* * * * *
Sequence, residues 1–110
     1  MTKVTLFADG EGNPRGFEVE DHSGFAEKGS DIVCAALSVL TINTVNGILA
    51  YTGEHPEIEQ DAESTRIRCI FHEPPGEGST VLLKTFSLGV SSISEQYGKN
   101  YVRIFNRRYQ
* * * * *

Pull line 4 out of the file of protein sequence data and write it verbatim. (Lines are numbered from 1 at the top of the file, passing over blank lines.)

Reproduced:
   101  YVRIFNRRYQ